There’s almost 11GB of storage space, but no expansion slot. The whole phone is sealed, so the battery is not removable, so a quick reset by removing the battery is not a possibility.
The camera can be controlled by the physical button or the touchscreen. The rear-facing camera can record 1080p video. The four capacitive buttons can be read in daylight. They also illuminate if lighting is too low.
This is probably the biggest disappointment. While the camera is an 8-megapixel / 1.3-megapixel camera duo, you can’t judge this phone’s performance by its specs. Those 8-megapixels don’t live up to their reputation with this phone. While it is capable of burst capture, images are blurry and colors are washed out. Overall, photos appear dull and images aren’t very detailed. Color reproduction indoors was no better. Problems seem to improve a bit when operating in macro mode.
You’ve got a lot of camera control options including capturing multiple photos at differing exposures. The camera doesn’t have an HDR mode, but you can download your images, and turn them into HDR on separate hardware. The camera does have several auto exposure modes (including aperture and shutter priority), shutter-speed adjustment, anti-banding options, RAW mode, ISO settings (800 maximum) and a burst-mode capable of 15 frames per second for up to 10 shots, but you might not have much use for them given the overall mediocre performance of the camera.
Video produced the same ho-hum results. White balancing helped with fuzziness, but also washed-out whites. Autofocus performed well but slowly.
The San Diego’s OS is Android Gingerbread. The phone should be Android 4.0-capable, and that will be available later this year. It's hard to tell what was customized in the Orange San Diego’s OS. There are gesture features that could be useful. Drawing a symbol with your finger across the home screen or with any app acts as a shortcut that will take you to your pre-identified location. You can assign up to 27 shortcuts to apps, contacts, playlists and even Foursquare places.
Popular apps like Orange Wednesday come pre-installed but so do less-useful apps like the Orange Assistant, a redundant user guide and an NFC tags app. The presence of the NFC app doesn’t make much sense. The phone is NFC-capable, but it doesn’t come with taggable cards, and it’s not connected to Orange's existing payment service.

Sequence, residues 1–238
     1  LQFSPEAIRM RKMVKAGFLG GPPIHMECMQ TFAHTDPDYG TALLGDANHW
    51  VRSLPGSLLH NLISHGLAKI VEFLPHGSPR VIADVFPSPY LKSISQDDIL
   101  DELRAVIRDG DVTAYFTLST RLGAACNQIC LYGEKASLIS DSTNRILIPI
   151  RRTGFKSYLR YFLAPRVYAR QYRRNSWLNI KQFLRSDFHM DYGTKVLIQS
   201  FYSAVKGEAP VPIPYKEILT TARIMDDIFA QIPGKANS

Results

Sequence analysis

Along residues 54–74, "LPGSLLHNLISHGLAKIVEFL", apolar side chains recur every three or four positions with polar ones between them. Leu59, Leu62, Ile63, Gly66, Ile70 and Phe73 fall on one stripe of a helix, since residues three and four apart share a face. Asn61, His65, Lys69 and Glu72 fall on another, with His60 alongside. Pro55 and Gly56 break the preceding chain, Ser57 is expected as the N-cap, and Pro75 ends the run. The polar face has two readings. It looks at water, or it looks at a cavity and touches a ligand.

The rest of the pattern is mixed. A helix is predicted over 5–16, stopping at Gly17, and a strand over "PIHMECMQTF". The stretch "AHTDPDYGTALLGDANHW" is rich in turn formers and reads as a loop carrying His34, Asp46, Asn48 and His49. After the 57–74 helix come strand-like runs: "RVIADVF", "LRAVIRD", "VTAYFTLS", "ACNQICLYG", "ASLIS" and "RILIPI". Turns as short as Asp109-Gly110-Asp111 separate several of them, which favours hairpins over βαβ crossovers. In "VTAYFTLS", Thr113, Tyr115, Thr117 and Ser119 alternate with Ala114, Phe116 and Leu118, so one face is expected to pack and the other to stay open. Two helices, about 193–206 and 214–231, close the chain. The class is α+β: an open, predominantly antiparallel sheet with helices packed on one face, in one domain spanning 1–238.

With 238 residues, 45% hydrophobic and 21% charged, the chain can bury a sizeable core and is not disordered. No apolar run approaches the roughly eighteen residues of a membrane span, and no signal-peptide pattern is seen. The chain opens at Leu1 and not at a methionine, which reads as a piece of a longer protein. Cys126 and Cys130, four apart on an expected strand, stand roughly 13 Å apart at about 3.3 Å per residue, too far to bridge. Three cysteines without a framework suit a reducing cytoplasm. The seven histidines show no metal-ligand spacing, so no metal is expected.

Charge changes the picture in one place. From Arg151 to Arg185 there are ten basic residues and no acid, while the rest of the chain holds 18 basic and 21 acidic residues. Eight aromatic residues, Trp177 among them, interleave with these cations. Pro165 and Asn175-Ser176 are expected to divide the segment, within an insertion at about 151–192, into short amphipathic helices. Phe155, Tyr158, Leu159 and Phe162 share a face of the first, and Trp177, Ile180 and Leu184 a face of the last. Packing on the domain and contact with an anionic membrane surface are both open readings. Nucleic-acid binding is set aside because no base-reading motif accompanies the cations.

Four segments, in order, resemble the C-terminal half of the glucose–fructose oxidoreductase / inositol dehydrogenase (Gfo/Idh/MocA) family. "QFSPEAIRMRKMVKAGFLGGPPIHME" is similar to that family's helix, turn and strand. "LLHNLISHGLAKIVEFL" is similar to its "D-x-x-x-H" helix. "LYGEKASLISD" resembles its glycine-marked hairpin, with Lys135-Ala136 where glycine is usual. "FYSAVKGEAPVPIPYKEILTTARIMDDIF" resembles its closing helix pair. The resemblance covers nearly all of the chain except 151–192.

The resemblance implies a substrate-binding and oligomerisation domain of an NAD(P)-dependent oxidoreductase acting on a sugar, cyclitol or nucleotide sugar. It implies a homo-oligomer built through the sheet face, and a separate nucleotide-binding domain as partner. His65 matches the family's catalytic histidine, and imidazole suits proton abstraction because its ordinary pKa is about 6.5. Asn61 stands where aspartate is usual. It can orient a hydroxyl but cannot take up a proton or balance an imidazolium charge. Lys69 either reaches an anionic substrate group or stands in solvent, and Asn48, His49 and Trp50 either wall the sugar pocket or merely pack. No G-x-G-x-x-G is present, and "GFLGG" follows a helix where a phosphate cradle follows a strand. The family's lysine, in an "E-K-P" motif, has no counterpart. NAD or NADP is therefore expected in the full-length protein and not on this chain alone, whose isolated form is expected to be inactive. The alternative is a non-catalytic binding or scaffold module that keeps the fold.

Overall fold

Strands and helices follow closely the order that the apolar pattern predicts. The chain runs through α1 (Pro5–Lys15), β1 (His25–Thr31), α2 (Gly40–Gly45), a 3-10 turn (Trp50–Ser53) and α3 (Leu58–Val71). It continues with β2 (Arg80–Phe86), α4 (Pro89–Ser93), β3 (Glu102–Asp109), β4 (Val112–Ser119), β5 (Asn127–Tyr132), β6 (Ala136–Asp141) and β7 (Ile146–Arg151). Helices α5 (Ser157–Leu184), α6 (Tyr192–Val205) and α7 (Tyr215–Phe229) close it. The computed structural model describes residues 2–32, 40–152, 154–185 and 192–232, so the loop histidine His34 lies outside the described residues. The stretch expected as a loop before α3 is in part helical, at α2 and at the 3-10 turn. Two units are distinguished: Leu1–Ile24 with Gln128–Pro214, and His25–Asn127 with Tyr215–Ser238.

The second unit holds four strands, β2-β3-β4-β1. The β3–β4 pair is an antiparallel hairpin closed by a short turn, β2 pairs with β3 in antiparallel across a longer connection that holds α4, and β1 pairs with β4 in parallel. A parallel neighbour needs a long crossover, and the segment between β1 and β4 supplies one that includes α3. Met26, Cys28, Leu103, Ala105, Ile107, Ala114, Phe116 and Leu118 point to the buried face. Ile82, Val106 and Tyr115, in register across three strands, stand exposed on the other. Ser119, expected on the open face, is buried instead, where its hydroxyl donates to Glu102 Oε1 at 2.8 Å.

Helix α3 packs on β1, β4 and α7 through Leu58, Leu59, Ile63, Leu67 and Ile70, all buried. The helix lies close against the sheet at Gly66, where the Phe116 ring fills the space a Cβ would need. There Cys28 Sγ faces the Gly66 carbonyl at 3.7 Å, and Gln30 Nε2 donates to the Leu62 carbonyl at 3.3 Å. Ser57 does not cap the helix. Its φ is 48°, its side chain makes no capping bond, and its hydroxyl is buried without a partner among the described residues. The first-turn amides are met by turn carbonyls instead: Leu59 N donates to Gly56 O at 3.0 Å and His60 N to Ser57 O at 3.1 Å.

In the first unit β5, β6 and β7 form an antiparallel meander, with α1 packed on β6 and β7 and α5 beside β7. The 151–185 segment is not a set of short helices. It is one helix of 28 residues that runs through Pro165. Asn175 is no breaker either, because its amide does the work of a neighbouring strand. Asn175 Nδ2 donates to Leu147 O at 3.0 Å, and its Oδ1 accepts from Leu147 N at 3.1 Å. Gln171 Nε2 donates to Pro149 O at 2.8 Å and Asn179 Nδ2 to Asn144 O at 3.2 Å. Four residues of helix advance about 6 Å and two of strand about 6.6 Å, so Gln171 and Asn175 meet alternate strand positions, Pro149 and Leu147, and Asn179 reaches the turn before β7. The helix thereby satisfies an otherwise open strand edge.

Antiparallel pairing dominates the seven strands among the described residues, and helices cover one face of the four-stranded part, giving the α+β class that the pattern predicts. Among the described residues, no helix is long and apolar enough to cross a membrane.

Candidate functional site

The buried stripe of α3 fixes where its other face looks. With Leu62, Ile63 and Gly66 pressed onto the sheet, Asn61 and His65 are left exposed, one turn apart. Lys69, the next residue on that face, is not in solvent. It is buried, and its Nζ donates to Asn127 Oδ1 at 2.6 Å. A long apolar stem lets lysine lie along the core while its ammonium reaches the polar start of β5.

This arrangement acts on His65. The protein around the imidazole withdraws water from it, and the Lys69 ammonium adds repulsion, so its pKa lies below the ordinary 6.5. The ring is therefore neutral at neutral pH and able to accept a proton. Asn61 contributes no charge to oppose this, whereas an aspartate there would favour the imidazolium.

The display keyboard is one of the most responsive of any Android device, regardless of price. Swype is offered as an option as well. The web browser performs comparably to other dual-core Android devices. Even dense websites download easily and with little stutter.
Most apps were compatible with the new chipset, and only two didn’t work out of many tested.
Call quality was sharp and clear. Orange provides HD voice calling between the San Diego and other HD devices. The San Diego’s earSmart voice-cancellation processing is found in higher-end phones like the Galaxy S3.
Performance and Battery Life:
These are the two most important indicators of a viable future for Intel in the smartphone market.
The San Diego’s processor can’t come near a quad-core or Snapdragon S4s, but its single-core 1.6GHz Intel Atom Z2460 performs like a dual-core processor.
Battery life didn't hold up to Intel’s promise of 14 days' in standby mode. It’s primarily due to the juice drained by powering the screen. The San Diego was tested with a video loop with the screen at 50 percent brightness. The phone ran out of power around seven hours and 20 minutes. That’s a result pretty much on par with other Android devices, but not bad for a 4-inch smartphone.
Day-to-day use was a lot better than many other of the latest smartphones. The battery lasted two to three days between charges. Not using the smartphone features at all gave the battery a two-week lifespan between charges.
To sum it all up:
Overall, Intel's first Android smartphone performed admirably.
The real stand-out was its Medfield processor that met and, in some cases, exceeded expectations.
The battery didn’t live up to Intel’s claims but still held its power very well.
The camera was a big disappointment. Back to the drawing board Intel.
When compared to Samsung and HTC devices the San Diego looks cheap and somewhat fragile.
It needs Ice Cream Sandwich sooner rather than later.
Priced at $308 USD, the San Diego joins a nice variety of inexpensive entry-level smartphones in the Orange family.